Campfire Treats honored for its sustainability

Campfire Treats attains Plastic Neutral Certification.

All-natural dog treat manufacturer Campfire Treats joins America’s most environmentally conscious pet food companies by attaining Plastic Neutral Certification through a new partnership with rePurpose Global--the world's leading plastic action platform.
Global plastic production has reached a mind-boggling 400 million tons–a figure set to double by 2040. According to the Pet Sustainability Coalition, the U.S. pet food industry alone produces an estimated 300 million pounds of multi-laminate plastic packaging annually. Less than 10% of plastic produced ever gets recycled at all, making it one of the most widespread environmental pollutants.
“We are poisoning our planet, food chains and ultimately ourselves with toxic plastic waste. We must act now. We are therefore excited that the partnership with rePurpose Global allows us to offset the single-use plastic we can’t yet replace with environmentally friendly alternatives,” says Campfire Treats’ president & co-founder Marko Wittich.
Through the partnership, Campfire Treats is funding the removal of as much plastic from the environment as the company’s operation uses to produce and pack its premium dog treats and chews. In its joint project, Campfire Treats and rePurpose Global are focusing their efforts on the removal of coastal plastic waste, which would otherwise wash into the ocean, further polluting already endangered maritime ecosystems.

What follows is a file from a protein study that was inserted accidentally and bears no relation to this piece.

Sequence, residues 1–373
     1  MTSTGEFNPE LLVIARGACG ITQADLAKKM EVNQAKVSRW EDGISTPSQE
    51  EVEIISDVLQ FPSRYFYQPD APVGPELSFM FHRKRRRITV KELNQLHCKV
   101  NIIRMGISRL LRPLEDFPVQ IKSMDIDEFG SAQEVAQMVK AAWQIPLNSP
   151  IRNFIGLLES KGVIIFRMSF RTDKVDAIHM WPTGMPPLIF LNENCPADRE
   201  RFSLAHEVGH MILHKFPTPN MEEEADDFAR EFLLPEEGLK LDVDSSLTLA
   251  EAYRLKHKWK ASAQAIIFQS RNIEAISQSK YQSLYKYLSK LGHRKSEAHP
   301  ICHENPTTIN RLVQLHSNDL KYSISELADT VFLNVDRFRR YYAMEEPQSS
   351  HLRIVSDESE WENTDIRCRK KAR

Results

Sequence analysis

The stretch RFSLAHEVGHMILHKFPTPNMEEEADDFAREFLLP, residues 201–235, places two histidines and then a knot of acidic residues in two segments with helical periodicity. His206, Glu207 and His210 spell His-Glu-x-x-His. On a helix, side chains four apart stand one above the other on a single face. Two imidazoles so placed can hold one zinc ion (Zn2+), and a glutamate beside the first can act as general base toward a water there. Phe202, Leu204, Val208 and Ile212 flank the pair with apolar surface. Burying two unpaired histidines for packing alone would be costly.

“We’re thrilled to see Campfire Treats rally around sustainable action and take the admirable step to implement some necessary changes to their operations. Its pledge to sustainability, starting with plastic neutrality, is one we’re sure will inspire other businesses as well” says Svanika Balasubramanian, rePurpose Global’s chief executive officer.
Having already transitioned to plastic-free, 100% biodegradable and fully recyclable shipping materials in 2021, Campfire Treats is committed to keep reducing (and eventually entirely stop) the use of conventional single-use plastics.
“My hope is that more and more consumers will demand plastic neutral certified products, effectively forcing manufacturers who have not yet made sustainability a priority to increase their efforts” says Wittich. “We can only turn the tide in the battle against plastic pollution if we all join forces.”


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